"The Glory that Excelleth."

2 Corinthians 3.

1869 220 This chapter contrasts two glories — that of "the letter," and that of "the Spirit" — law-glory, and gospel-glory, or old and new covenant glories.

Moses, as he stood at the foot of the hill, reflected or represented the glory of the law. The children of Israel instinctively shrank from it as Adam did from the voice of the Lord God in the garden. It was intolerable; and Moses had to put a veil over his face.

Moses, as he stood on the top of the hill, was in the light or sphere of the new covenant. The glory he saw was the glory of "the Lord," or of "the Spirit," the glory of God in the face of Jesus. And he necessarily took the veil off his face. This is very simple and full of comfort.

The old and new covenants are just, in this way, the contradiction one of another. The old calls on man to act for God, the new reveals God as acting for man. (See Heb. 8) If the soul instinctively apprehend death in the one, it instinctively apprehends life in the other. If the old demanded a veil, the new takes it away.

The first operation therefore of the glory which Moses saw on the top of the hill was to remove his veil. The light of life was shining in that region, and Moses must walk there with open face. It was not the voice of thunder that was heard there, but the voice of the truth, and Moses could not but listen. He was all eye and ear in so happy a place. He used great plainness or openness. And Paul tells us that he was in spirit exactly one with him in all this.

The second operation of the same glory is also blessed. For as it rent the veil off Paul's face, so did it leave its own impression on his face. This was another virtue which was in it, With unveiled face Paul beheld that glory and was changed into the same image from glory to glory. And he lets us see through this Second Epistle to the Corinthians, how in various rays or features of glory, he was manifesting the truth of the new covenant, or savouring of Christ (a fellow-worker with Him), and thus changed into the same image.

Here, however, a distinction full of beauty and of comfort presents itself. The first of these operations is perfect, because it was accomplished solely by the Lord on Moses or Paul. When they turned to the Lord, the veil was taken away, as it will be from Israel by and by. The second of them is imperfect, because it was carried on by the Spirit in Paul. It was a progressive operation meeting with resistance from nature in Paul. We are not to measure the one by the other. This is comforting. We are not to say, because I am not fully changed into the same image, therefore is the veil not entirely taken away. This very scripture resents such a conclusion, because it shows the veil gone altogether, but the image only coming as it were progressively. Indeed, it teaches us to say this — that the veil was no more able to stand the light of the glory which shone on the top of the hill, than the Israelite was able to stand the light of the glory which shone at the foot of the hill. The face of a sinner cannot abide the one nor the veil on his face the other. But it likewise teaches us that the second of these operations is also very excellent.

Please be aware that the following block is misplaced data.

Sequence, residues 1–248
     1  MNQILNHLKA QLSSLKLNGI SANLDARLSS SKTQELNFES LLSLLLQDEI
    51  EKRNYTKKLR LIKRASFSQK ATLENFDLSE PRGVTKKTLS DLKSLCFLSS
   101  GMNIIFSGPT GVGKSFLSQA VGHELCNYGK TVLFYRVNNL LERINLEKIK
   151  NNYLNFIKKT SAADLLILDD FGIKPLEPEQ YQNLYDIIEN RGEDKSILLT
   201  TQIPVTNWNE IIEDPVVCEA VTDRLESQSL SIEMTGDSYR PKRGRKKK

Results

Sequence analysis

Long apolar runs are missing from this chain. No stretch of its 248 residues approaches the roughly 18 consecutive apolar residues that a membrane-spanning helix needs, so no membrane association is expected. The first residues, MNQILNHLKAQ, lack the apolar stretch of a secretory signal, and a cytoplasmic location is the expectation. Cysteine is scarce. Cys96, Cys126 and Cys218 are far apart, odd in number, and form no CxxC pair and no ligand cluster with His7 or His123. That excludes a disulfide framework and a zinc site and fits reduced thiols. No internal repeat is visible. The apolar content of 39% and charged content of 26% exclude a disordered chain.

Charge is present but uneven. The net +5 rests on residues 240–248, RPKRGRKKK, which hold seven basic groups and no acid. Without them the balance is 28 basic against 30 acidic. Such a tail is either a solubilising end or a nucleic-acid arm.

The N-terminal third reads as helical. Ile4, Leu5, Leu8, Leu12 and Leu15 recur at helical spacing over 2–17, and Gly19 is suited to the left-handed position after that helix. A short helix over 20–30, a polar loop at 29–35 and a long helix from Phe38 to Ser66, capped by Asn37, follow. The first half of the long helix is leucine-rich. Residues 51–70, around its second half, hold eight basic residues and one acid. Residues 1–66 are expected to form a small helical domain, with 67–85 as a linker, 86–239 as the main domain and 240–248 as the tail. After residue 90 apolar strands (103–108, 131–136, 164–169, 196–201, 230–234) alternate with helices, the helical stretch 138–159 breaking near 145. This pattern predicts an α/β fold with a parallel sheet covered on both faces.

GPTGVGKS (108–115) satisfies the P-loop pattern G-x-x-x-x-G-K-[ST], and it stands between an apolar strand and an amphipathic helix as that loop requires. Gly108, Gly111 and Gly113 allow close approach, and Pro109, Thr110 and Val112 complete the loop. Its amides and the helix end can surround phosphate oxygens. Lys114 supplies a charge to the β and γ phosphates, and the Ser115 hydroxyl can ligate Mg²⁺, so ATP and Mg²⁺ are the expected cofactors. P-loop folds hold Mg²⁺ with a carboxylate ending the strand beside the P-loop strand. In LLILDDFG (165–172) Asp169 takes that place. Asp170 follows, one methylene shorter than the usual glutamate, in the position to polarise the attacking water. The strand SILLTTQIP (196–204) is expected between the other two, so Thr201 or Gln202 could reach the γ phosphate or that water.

The apostle sought to reflect that glory before which he was set, as well as to enjoy it. And as I have said before, the exhibition of this in a desultory informal way is very much the business of this epistle. The early chapters present the apostle in much of the spirit, and in many of the leading moral energies, of his ministry; and such he expressly connects with the Lord and the truth which he had received, and before whom he was walking. Thus, his stability (2 Cor. 1:17-22) — his healing a repentant brother (2 Cor. 2:5-10) — his being a savour to God in all his ministry (2 Cor. 2:14-17) — his not fainting in his labours and his renunciation of all deceit or dishonesty (2 Cor. 4:1-2) — his dying daily (2 Cor. 4:10-11) — his hoping for resurrection (2 Cor. 4:13-14) — his personal devotedness (2 Cor. 5:14-15), these and other characteristics of his service in the churches he exhibits as so many reflections of that glory he was beholding, and into the image of which he was, as from glory to glory, changing. The third chapter is, thus, in the midst of this, a disclosing of the spring of all that grace and strength he was exhibiting in his labours in the gospel. And this is real ministry.

What beautiful rays of glory shine in this way! And they are but reflections, faint reflections, of that great original glory, the glory of God in the face of Jesus, which he was ever beholding. And then what wondrous consolation springs to our souls from this! For if Paul could thus serve — if he could walk in such ways of personal grace and devotedness in the midst of temptations and sorrows, and all this for others. what riches and glory of grace must we have to do with and to trust seeing that his ways are but the reflections of all that! This is, indeed, consolation. The glory which Moses reflected caused him to hide himself, for he could not bear it; the glory which Paul reflected brought him into the midst of the need and sorrow of others, there to act in full self devotedness and grace.